If our muscles aren’t ready for the challenge, then the challenge/change is harder for us. That same challenge may NOT be hard for others. Change (innovation) is not hard for leaders and teams whose muscles are developed/trained and ready to respond effectively.Screenshot 2017-01-23 15.41.25.png

Chief innovation officers (CINOs), transformation experts and executives who have learned from experience will agree that change (innovation) is harder when:

  1. We wait too long to get started or lollygag through the process of starting.
  2. We don’t prioritize it; we don’t have a plan or resources dedicated to it; we haven’t separated the essential from the important.
  3. We treat it like an event versus a lifestyle; we don’t walk the talk.
  4. We don’t use expert tools and processes; we wing it or “amateur-hour” it.
  5. We don’t create the space (culture) for creativity, collaboration, etc.; we try to command and control culture change.
  6. We’re not aware of our default, reactive language and habits; we hang on to old success formulas for too long.

Screenshot 2017-01-17 19.46.55.png

7. We don’t ask for help; we pretend we know what to do when we don’t.


Screenshot 2017-01-23 16.24.56.pngExperienced CINOs, transformation experts and executives will also agree that change (innovation) is easier when:

  • You see more: You’re more conscious (less likely to be driven by default, reactive habits), more awake, more open to learn and more curious to explore multiple perspectives beyond your own (conscious leaders make better innovation leaders).
  • You collaborate better: You’re more skilled at engaging and empowering people to use innovation tools/processes effectively; you’re more skilled at healthy debate, committed action and accountability; your leadership and culture of the organization help diverse groups of people feel powerfully valued and powerfully challenged.
  • You feel stronger: Your energy is sourced from a higher-order purpose — values and guiding principles are unconditional; you are grounded in sources of certainty that help you make decisions and take action in the face of increasing uncertainty.

Screenshot 2017-01-23 16.00.40.pngWe might expect to hear “change is hard” from stereotypical leaders/politicians when they shirk accountability and make a career out of saving face and preserving their innocence versus keeping their promises. But it never makes sense when accomplished, successful leaders responsible for change inside of powerful and abundantly resourced organizations say, “Change is hard.” However, we hear it all the time in reference to corporate initiatives that involve: a) doing something new versus doing the usual/status quo and b) letting go of old default habits in favor of more effective habits. You’ll hear it in every innovation/transformation and change management meeting. You’ll hear it in every systems implementation, digital integration and customer experience session when the experience involves a people-centric service or delivery system. When a leader responds to these kinds of challenges regarding learning, complexity and ambiguity (aka innovation/change/growth) with the “change is hard” hedge, the change does in fact get 1,000 times harder. It gives the organization permission (from the top) to lower their standards. It gives everyone permission to resist learning/training — permission not to grow — permission not to be a part of changing because, after all, “change is hard.” The boss even said so! In these contexts, it serves as an early and convenient scapegoat to hide the leaders’ inference that their teams’ muscles might not be ready to follow through and deliver. When the team isn’t ready, that’s the leader’s fault. Don’t blame the team and don’t blame the culture. Your team can do it. They need an innovation leader to lead them. That’s you.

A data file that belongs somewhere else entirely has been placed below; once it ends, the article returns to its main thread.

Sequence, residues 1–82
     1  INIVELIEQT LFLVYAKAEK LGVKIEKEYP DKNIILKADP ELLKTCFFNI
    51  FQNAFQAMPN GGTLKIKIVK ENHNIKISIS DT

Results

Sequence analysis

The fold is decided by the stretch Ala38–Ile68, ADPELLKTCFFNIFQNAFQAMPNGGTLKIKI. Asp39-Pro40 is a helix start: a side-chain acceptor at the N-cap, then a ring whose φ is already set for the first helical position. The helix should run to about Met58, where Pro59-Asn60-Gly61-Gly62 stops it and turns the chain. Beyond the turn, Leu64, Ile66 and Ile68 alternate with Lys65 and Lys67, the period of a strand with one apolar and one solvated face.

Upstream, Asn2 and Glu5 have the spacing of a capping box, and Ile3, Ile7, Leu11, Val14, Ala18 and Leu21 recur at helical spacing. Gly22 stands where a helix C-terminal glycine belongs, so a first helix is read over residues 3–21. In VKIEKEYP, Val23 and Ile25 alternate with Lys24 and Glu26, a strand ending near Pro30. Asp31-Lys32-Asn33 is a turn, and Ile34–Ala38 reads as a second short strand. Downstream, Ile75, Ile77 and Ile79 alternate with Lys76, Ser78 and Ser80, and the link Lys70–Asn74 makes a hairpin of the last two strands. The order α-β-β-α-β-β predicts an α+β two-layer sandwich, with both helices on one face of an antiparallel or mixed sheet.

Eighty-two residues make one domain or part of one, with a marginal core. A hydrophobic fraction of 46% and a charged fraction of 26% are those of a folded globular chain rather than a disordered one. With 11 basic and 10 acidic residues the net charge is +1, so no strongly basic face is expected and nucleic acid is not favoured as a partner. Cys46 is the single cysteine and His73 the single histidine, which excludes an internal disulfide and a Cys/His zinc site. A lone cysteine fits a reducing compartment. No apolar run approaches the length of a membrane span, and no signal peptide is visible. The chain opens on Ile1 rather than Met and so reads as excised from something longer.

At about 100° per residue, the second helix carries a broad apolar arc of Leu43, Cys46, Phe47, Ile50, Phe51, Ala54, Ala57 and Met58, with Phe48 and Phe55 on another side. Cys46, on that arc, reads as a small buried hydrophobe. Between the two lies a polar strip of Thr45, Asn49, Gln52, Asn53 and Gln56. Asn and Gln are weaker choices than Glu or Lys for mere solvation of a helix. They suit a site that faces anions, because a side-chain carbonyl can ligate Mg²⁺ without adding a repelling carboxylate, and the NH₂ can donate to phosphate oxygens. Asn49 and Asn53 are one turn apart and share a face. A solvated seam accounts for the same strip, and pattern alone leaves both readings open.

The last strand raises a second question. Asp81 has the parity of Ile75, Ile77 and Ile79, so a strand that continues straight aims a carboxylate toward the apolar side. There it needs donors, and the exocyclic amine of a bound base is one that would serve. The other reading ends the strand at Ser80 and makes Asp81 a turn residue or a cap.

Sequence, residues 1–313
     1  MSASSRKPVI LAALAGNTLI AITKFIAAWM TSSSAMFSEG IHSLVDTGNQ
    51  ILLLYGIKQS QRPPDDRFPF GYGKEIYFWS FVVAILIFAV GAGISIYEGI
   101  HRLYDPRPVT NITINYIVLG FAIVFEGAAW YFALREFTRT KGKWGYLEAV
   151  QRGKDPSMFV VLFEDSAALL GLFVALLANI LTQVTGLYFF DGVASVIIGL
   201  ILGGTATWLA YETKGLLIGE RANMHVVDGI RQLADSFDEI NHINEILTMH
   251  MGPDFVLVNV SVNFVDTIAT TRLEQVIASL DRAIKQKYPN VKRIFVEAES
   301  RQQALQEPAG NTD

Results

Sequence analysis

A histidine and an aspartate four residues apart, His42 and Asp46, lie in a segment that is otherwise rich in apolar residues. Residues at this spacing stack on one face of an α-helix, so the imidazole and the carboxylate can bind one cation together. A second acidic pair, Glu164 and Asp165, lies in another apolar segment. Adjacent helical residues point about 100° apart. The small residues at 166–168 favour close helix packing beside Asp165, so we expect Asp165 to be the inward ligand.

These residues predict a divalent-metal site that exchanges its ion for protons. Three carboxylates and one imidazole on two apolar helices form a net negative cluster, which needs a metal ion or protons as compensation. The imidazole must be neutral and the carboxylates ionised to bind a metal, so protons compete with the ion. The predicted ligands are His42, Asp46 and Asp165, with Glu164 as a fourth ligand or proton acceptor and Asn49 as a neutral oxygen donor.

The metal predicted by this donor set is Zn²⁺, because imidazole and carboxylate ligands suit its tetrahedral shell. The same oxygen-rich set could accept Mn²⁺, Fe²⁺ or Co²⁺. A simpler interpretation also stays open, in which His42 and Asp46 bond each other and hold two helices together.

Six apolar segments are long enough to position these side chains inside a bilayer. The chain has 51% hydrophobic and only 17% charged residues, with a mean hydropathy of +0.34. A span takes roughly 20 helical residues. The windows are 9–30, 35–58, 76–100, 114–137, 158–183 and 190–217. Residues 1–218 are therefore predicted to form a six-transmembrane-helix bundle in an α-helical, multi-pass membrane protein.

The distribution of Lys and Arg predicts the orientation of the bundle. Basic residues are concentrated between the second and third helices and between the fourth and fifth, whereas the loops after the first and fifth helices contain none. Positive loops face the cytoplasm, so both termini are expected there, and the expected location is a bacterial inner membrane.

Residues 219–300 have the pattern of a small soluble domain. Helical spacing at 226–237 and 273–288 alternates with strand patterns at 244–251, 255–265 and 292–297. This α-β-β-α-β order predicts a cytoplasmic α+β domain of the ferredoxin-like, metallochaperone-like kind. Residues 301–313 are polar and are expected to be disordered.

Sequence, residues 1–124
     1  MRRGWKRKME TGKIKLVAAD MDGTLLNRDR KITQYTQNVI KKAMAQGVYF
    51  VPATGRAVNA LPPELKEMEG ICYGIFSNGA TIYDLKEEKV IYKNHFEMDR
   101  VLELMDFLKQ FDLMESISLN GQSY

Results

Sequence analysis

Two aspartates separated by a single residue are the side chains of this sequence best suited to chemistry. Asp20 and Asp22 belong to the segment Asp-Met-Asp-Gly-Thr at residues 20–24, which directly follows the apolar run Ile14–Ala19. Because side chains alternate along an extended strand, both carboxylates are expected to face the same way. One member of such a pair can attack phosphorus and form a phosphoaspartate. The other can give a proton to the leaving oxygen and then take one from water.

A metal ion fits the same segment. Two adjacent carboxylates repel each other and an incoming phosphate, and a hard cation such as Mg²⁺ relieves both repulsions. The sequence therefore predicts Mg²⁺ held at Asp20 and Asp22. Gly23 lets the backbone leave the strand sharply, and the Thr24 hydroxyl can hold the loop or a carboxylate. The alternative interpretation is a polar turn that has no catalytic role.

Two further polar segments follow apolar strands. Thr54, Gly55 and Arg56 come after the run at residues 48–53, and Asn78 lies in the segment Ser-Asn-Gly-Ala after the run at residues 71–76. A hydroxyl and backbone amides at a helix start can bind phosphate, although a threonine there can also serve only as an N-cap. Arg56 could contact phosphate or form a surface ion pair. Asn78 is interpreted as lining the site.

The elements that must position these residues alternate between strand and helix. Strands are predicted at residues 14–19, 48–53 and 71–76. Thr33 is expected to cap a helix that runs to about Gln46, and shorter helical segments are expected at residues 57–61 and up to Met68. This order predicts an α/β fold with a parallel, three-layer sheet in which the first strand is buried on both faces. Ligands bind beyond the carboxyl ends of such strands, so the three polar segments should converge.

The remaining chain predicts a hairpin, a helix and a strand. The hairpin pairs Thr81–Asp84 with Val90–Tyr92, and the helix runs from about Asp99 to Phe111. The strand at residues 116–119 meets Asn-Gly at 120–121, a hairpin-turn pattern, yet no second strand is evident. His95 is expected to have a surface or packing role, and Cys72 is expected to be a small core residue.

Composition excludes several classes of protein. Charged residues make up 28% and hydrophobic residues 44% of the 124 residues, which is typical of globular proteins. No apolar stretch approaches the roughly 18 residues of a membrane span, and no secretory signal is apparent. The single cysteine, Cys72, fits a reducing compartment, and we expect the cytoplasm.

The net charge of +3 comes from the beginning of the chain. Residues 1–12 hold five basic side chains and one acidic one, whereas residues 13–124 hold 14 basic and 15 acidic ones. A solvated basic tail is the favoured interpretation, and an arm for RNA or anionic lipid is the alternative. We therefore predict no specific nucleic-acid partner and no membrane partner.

In today’s VUCA (volatile, uncertain, complex and ambiguous) environment, unskillfully declaring, “change is hard” is nothing more than an expression of the victim — a choice of powerlessness and incompetence hiding behind an external circumstance, portrayed as something out of our control. A creator/player would never say that. It is true that I won’t be able to change/innovate effectively if my muscles (and the organization’s muscles) are not ready. But the hardness is relative to my muscular readiness. If I were more ready (if my organization was more ready), I could do it more effectively. Instead, my mind will go immediately to blaming the change itself for being too hard.

If you’re the leader of your business, department, community or family, stop saying, “change is hard.” Try this instead: “I don’t think I’m ready” or “my team and I aren’t ready for change. We need to be more ready.” Ask, “How can my team and I get more ready?” That’s what a player/creator would do. Then we will see if that helps us focus and find an even more effective response to dealing with change. We might as well choose to change (and stop blaming it for our poor results) since change is going to keep coming, whether we are ready or not.

Being a creator/player does not mean that I/we will magically be able to change everything and anything. Being a creator/player means I need to train because the speed of change/VUCA and the challenges I have in front of me have exceeded my ability to handle them. It is essential for me and my team to develop an expanded capacity for change — or as Argentine Ricardo Gil, Axialent chief culture officer…aka RichiWanKenobi, would say,

“Learn to live at peace with the difficulty and suffering you’ve chosen by not developing (the appropriate growth muscles).”

Don’t be a victim. Victims can’t innovate, and they don’t usually change without creating permanent damage and unnecessary suffering. That can be avoided. Change is easier when you train for it. It’s harder when you don’t. Drop everything and train #d3&t. “Don’t just be a better leader, be an innovation leader.” Train to be a Jedi. See more, collaborate better and feel stronger (build those muscles and you’ll be more Jedi). The world needs more Jedi.

Focus on separating the essential from the important. It is critically important that we get the DOING innovation management stuff right (e.g., process, strategy, metrics). But don’t minimize the innovation essentials (e.g., people, leadership, culture) just because we think the people/change part is “hard.” Prioritize the essential and it becomes easier.

 The important goes on the to-do list.

The essentials go on a to-die-for list.

Screenshot 2017-01-23 16.00.19.png